Before TSN let Linden depart for the day, they discussed his outright refusal to say ‘rebuild’ when discussing the team’s direction. It doesn’t sound like Linde plans on using it any time soon, either:
I think so much has been made out of that. It’s pretty clear to see where we are. I think our actions have supported our message of getting younger, introducing young players into the lineup, and building a prospect pool. We’ve stuck to that and we’re going to continue to stick to that. I know it’s hard for fans because a lot of these guys we talk about – whether it be Lockwood, Gaudette, or Dahlen – they’ve never seen play before. I’m really encouraged.
I do believe we’re in a better spot today than we were two days ago or at any time. Unlike the NFL where you draft players and plug them in, it takes time. I’m encouraged with our prospect pool and the players we’ve integrated into the lineup this year.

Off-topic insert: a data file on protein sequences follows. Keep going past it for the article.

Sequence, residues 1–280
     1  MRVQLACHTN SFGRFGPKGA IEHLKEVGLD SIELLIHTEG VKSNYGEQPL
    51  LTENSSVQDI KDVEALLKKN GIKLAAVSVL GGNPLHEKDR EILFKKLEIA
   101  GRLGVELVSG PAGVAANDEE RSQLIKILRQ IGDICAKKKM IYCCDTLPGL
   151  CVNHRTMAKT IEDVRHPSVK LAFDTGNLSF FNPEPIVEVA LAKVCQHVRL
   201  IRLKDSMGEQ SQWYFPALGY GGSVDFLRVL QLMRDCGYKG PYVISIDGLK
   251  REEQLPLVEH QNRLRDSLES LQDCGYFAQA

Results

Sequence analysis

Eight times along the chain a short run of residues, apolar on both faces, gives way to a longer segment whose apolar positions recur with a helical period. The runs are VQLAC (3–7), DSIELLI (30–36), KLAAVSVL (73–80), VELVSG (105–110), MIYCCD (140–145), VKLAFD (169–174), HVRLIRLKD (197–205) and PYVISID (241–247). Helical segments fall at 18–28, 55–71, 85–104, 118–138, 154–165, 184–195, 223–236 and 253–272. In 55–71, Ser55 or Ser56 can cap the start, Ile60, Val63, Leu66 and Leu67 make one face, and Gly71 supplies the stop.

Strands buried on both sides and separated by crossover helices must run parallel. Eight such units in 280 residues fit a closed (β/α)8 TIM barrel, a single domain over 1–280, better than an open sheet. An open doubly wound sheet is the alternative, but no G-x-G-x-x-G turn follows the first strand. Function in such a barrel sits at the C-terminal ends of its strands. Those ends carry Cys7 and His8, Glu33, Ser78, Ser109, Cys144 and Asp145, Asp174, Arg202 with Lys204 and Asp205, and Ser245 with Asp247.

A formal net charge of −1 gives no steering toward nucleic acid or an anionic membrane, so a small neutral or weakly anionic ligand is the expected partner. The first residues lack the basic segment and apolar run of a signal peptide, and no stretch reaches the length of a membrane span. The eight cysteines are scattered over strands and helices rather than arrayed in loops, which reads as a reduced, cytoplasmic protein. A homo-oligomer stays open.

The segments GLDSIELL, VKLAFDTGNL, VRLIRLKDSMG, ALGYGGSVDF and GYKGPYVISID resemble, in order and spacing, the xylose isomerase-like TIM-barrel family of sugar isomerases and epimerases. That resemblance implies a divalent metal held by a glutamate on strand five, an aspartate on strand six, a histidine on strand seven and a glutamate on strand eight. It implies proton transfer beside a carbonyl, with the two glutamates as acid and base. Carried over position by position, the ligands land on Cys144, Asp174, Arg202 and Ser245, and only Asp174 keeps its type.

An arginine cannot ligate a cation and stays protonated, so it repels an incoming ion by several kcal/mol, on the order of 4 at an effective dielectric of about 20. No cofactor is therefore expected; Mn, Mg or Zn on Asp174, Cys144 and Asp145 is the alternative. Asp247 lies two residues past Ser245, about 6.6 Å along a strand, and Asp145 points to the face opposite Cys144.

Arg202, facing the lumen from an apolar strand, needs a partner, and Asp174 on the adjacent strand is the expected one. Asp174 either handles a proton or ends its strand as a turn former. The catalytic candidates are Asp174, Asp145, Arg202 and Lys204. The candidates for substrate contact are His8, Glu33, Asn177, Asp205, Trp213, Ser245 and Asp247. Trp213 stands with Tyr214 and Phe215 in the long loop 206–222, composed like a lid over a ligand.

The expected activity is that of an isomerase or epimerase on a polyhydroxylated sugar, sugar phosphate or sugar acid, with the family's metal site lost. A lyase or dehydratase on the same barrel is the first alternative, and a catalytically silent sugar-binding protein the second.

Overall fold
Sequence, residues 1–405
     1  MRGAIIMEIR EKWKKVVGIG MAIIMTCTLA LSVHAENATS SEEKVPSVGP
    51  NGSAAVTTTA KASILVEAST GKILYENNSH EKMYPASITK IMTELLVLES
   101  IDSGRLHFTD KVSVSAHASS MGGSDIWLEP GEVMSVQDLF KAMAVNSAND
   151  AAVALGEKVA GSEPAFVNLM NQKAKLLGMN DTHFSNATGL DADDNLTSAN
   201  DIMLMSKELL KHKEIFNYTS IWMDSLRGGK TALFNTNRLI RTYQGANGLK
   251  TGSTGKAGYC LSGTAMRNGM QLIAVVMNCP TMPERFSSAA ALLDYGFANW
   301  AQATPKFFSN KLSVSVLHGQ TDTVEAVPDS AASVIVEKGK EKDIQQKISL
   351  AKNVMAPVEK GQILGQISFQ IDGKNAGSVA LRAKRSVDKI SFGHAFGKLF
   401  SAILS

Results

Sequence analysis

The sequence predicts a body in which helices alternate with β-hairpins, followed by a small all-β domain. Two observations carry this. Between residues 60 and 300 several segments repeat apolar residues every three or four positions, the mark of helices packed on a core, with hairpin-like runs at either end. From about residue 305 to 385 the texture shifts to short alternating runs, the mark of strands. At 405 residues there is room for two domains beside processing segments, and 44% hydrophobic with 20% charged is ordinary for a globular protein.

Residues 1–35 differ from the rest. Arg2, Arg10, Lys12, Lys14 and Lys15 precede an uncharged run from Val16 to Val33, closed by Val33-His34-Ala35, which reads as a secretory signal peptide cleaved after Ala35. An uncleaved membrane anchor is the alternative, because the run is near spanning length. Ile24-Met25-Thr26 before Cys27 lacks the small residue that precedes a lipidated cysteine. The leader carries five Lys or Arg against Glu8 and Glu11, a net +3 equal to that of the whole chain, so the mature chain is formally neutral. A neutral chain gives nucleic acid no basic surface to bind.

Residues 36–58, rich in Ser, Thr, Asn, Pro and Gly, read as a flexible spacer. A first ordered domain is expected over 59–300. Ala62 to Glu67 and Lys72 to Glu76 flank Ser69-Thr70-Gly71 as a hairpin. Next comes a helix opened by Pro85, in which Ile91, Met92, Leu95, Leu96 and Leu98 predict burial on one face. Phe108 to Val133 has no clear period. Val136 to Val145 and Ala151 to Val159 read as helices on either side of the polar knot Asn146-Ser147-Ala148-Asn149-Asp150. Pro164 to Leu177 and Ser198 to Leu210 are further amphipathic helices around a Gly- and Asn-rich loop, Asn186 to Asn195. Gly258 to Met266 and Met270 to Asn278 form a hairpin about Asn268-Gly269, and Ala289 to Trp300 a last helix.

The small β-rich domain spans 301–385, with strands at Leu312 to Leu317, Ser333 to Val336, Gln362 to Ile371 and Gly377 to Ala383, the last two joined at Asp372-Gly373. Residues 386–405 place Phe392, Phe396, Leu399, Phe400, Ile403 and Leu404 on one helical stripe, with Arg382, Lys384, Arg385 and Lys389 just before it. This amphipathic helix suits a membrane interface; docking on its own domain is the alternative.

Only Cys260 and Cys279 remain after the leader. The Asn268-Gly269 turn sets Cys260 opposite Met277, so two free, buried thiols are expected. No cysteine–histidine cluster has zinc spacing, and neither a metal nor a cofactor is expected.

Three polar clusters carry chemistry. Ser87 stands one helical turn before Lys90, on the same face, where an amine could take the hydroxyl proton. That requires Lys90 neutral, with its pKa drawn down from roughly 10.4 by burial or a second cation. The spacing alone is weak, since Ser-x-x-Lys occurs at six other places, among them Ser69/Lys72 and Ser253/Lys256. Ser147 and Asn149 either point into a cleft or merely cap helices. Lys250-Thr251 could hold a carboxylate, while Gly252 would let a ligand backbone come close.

Alright, this is where Canucks fans should be outraged. This is the moment. No, nothing about the Canucks’ actions the past three seasons has been indicative of a rebuild or any similar approach. A rebuilding (or sensible, even) team doesn’t trade a handful of futures for Erik Gudbranson; or make the Sutter trade; or entering every draft with an uninspiring amount of draft picks; or signing Loui Eriksson, and Ryan Miller and Radim Vrbata before him. I can go on.
The Canucks have, in no way, stuck to a three-year plan and it’s insulting to the intelligence of their fans to try and convince them otherwise.
I’m excited about William Lockwood, Adam Gaudette and Jonathan Dahlen, too. I really am. And every other prospect of significance in the Canucks’ system. The fact of the matter is, not one of them projects as a franchise building block, and that’s what the Canucks have needed from the moment Linden and Benning took the job.
Some of these prospects are going to inevitably not work out either. That’s why we continue to preach a volume approach in this space.
I suppose we’ll just have to wait and see if they can buck the odds. Hopefully, that’s the case. If not, new coach or otherwise, it’s going to be a painful couple of years ahead. They can decide how long a stretch that is though.